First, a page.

In Jasek v. Texas Farm Bureau Underwriters, the Court held that the Seller of used personal property was not liable to the Buyer for alleged misrepresentations posted by the third party online auction service. Jasek v. Tex. Farm Bureau Underwriters, No. 14-19-00759-CV, 2022 WL 364050, at *1 (Tex. App.—Houston [14th Dist.] Feb. 8, 2022, no pet.)

Background. Jasek purchased a used, badly damaged tractor “from an online auction website,” Id. at 1. The following information was posted on the website:

“On December 5, 2013, this unit was damaged when the operator hit a stump. This unit will not start, run or operate in its current condition. No work has been done to the unit. Damage includes but is not limited to: undercarriage, housing, clutch, flywheel and driveshaft. Please refer to the attached photos and bid accordingly.

This listing is AS IS WHERE IS with all faults and no warranties expressed or implied.”

Id. at 1.

The listing included 16 photographs of the damaged tractor and no inspection was permitted before the auction. “However, the listing provided that at the  time of removal “if the item differs significantly from how it was represented in the lot description, the Buyer must contact Customer Care prior to removing.”” Id. at 1.

Jasek submitted the winning bid. He never inspected the tractor and hired a third party to pick up the tractor and deliver it to a repair shop that “identified a large hole in the clutch housing that had not been depicted in the listing photographs.” Id. at 1. As a result, Jasek filed a lawsuit against the seller, Texas Farm Bureau, alleging fraud and violations of the Texas Deceptive Trade Practices Act.

The Trial. Testimony revealed  that the tractor was determined by Texas Farm Bureau to be a total loss from being damaged when it hit a stump. Texas Farm Bureau paid its insured an amount equal to the tractor’s agreed pre-loss fair market value. In turn, Texas Farm Bureau decided to sell the damaged tractor through SalvageSale’s online auction, in order to recoup any remaining value of the tractor.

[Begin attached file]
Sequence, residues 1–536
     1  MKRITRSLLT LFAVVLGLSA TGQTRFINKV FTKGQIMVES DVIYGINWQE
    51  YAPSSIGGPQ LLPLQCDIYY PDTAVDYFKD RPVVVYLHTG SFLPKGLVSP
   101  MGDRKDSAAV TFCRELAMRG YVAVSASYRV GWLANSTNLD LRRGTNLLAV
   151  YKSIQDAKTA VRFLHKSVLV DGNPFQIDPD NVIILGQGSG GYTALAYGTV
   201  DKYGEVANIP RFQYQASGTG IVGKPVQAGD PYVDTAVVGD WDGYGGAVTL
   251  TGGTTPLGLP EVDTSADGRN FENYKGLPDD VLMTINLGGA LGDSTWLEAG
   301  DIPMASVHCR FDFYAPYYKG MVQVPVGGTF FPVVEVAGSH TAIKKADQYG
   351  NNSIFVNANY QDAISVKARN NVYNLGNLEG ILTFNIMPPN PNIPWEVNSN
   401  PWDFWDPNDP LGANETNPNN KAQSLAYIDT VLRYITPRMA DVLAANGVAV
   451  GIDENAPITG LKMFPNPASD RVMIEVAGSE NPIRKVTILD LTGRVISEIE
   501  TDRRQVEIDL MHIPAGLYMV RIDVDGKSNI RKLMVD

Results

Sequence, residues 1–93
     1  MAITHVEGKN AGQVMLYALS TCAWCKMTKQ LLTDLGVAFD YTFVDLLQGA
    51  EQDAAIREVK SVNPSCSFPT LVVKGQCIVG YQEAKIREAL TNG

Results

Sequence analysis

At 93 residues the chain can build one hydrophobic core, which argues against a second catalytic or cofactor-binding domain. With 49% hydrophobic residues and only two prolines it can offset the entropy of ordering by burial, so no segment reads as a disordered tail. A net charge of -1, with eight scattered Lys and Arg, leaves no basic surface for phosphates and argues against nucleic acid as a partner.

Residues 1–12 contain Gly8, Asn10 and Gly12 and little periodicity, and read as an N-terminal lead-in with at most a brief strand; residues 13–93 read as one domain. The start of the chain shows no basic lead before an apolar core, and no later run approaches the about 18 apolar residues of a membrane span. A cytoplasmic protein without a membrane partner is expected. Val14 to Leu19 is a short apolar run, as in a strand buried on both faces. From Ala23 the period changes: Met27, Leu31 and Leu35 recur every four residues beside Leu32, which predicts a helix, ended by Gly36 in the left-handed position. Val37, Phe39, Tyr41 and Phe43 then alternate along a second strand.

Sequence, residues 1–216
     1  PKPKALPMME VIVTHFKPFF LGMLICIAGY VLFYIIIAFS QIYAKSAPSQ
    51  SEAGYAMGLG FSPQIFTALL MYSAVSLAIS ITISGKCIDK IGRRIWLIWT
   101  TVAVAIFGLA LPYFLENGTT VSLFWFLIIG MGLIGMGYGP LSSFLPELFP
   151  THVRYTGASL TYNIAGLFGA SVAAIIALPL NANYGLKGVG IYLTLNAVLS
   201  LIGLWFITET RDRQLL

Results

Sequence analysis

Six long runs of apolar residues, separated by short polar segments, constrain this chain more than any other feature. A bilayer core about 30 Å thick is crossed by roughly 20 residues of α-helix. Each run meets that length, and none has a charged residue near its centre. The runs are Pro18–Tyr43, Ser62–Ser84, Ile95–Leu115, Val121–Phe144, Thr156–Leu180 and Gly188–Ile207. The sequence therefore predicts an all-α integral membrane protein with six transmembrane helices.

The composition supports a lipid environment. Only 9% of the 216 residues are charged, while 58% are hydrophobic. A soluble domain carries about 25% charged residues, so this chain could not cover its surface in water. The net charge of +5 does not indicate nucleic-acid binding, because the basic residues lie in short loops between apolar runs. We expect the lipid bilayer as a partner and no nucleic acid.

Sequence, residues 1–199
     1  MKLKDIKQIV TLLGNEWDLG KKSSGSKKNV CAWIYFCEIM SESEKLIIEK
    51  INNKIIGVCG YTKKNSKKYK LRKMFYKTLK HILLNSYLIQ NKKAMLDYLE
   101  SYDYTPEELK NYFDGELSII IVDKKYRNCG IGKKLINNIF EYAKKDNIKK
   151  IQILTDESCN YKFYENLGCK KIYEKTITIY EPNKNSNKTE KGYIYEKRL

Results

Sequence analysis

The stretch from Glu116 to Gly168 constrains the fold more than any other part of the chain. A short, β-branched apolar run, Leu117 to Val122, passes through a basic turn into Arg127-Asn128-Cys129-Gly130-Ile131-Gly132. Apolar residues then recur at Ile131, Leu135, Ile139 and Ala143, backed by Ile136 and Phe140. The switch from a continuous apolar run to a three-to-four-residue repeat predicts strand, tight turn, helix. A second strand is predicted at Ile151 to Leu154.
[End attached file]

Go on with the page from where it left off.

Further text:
Prior to the sale, Texas Farm Bureau provided SalvageSale with a “Loss Assignment Sheet,” photographs of the damaged tractor, and the prior owner’s repair estimate. The Loss Assignment Sheet stated that the tractor “hit a stump causing damage to undercarriage. Damage is to housing, clutch, flywheel, and drive shaft.” The tractor was listed “as is” with no presale inspection permission allowed. Id. at 1.

“SalvageSale then created the online listing, scheduled an auction, and forwarded the proceeds from the sale to Texas Farm Bureau.” Id. at 2. SalvageSale was not included as  a party to the lawsuit.

At the conclusion of the trial, the jury found in favor of Jasek on his fraud and DTPA claims. Unfortunately for Jasek, the trial court entered a take nothing judgment, notwithstanding the jury verdict, in favor of Texas Farm Bureau.

Appeal. Jasek appealed the take nothing judgment. The Court of Appeals upheld the trial court’s take nothing judgment because Jasek did not establish that Teas Farm Bureau wrote or created the online listing for the tractor. Texas Farm Bureau emailed the Loss Assignment Sheet, photos, and repair estimate to SalvageSale. The implication was that SalvageSale created the final information posted online about the tractor. There was “not evidence that Texas Farm Bureau prepared the [online] listing or made a disclosure or representation to Jasek.”

Further, there was no evidence that SalvageSale was acting as the agent for Texas Farm Bureau in posting the listing that would make Texas Farm Bureau vicariously liable for the posting by SalvageSale.

As a result, the Court of Appeals, held that the trial court did not err in rendering its judgment notwithstanding the verdict.

Conclusion. It is interesting that, based upon these facts, the jury returned its verdict in favor of the buyer. Although it could be argued that the online posting should have included a photograph of the hole in the clutch housing, the damage to the clutch was mentioned and the tractor was being sold “as is” through “” without inspection. Surely, a buyer would not be expecting much value in return for this purchase. Interestingly, the Court of Appeals never really addressed whether the alleged misrepresentations or omissions of fact were actionable. It was able to dispose of the case on the grounds that the seller was not the one that made the alleged misrepresentations in the posting.